And since the lining of the esophagus is more delicate than that of the stomach, a burning sensation is experienced in the chest area when this happens. Heartburn is a symptom of both acid reflux and GERD discussed below. Deborah A. Fisher, M.D., who specializes in gastroenterology at Duke University and the Duke Clinical Research Institute, tells SELF that figuring out a proper course of treatment for reflux can be a matter of trial and error and patience. Knowing your triggers, she says, is an essential part of getting relief.

This is a type of indigestion without any metabolic or structural disease to explain the symptoms. It may be caused by an impairment of the stomach that prevents it from accepting and digesting food in a normal way. Heartburn and dyspepsia are confused for one another often, but they are two separate conditions despite regularly occurring at the same time. Heartburn is a symptom of acid reflux, described as a burning feeling behind the breastbone that usually occurs after eating.

Even though Chapman competes in Masters National Physique competitions, the 41-year-old often struggles with exercise-induced GERD during training. A self-described natural athlete, Chapman switched to bodybuilding after competing internationally in karate for 14 years when GERD made martial arts maneuvers nearly unbearable. According to Runner’s World, pre-race nervousness alone may predispose people to reflux once the gun goes off. Carbonated beverages, chewing gum, coffee, tea and spicy foods are other common culprits. Less common but still frequently encountered precipitators of reflux and associated problems such as bloating include broccoli, bell peppers, sports drinks and onions.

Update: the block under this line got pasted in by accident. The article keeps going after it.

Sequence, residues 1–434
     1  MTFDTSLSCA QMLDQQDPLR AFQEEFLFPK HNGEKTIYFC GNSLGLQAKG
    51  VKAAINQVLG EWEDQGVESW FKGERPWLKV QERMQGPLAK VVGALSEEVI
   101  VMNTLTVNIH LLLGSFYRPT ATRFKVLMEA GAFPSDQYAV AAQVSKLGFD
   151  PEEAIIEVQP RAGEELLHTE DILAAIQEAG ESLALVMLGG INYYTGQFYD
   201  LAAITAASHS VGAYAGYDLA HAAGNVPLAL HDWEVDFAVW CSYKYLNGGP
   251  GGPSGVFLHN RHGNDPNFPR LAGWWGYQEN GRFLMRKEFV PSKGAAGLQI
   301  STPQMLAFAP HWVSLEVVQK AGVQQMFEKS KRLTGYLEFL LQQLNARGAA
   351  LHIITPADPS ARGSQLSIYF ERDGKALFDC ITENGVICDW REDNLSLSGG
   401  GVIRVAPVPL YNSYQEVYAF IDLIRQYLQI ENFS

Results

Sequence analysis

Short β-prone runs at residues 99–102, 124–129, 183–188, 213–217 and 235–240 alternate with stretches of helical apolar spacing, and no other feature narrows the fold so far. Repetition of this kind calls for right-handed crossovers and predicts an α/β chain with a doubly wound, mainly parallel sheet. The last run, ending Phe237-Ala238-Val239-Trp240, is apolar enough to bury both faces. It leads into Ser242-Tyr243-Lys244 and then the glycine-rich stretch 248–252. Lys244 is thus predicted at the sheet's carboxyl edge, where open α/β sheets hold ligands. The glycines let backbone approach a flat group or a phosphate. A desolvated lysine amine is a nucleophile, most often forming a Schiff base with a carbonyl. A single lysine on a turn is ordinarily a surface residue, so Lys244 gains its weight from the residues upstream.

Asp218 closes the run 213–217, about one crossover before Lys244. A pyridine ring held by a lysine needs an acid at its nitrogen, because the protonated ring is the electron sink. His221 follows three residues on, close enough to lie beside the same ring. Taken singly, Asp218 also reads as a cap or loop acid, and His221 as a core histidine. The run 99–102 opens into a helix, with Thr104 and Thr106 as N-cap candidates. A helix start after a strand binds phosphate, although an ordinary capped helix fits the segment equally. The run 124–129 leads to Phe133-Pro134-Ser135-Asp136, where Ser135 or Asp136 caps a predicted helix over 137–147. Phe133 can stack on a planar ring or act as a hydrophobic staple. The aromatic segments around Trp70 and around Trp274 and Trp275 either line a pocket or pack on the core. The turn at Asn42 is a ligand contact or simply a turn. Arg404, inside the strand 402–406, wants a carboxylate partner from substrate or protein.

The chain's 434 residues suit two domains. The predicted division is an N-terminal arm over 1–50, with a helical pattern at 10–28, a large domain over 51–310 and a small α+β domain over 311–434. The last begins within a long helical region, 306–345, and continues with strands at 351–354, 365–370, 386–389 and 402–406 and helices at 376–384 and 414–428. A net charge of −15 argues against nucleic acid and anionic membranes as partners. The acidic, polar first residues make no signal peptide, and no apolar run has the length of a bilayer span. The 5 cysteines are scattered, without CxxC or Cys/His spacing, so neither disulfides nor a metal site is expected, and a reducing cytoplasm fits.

Not everyone experiences worsening acid reflux with high-impact exercise. Try low-impact exercises first and see how you feel. If you don’t experience heartburn or other symptoms, you can try a higher-impact workout.

Because of the acidic nature of the sugar substitutes in these drinks, you are more likely to suffer heartburn after consuming them. Water is less likely to induce acid reflux and you can always find a natural alternative to replace electrolytes and potassium and avoid muscle cramps. Walking is a much advised option too. A brisk walk after a meal can massively aid digestion and reduce the symptoms of heartburn or acid reflux from presenting later in the evening. During reflux, the lower esophageal sphincter (LES) muscle, which serves as a barrier between the stomach and the esophagus, opens, allowing stomach acid to travel up into the cause and esophagus heartburn.

But for those who suffer from gastroesophageal reflux, also known as acid reflux or GERD, gastric acids reach the mouth throughout the day. This process is especially damaging when you’re asleep, since you are swallowing less often and your mouth is producing less saliva. Drinking coffee and eating citrus fruits, fatty foods, onions, alcohol and chocolate often makes the condition worse because these increase the acid in the stomach and can stimulate stomach contractions, pushing the stomach contents upwards.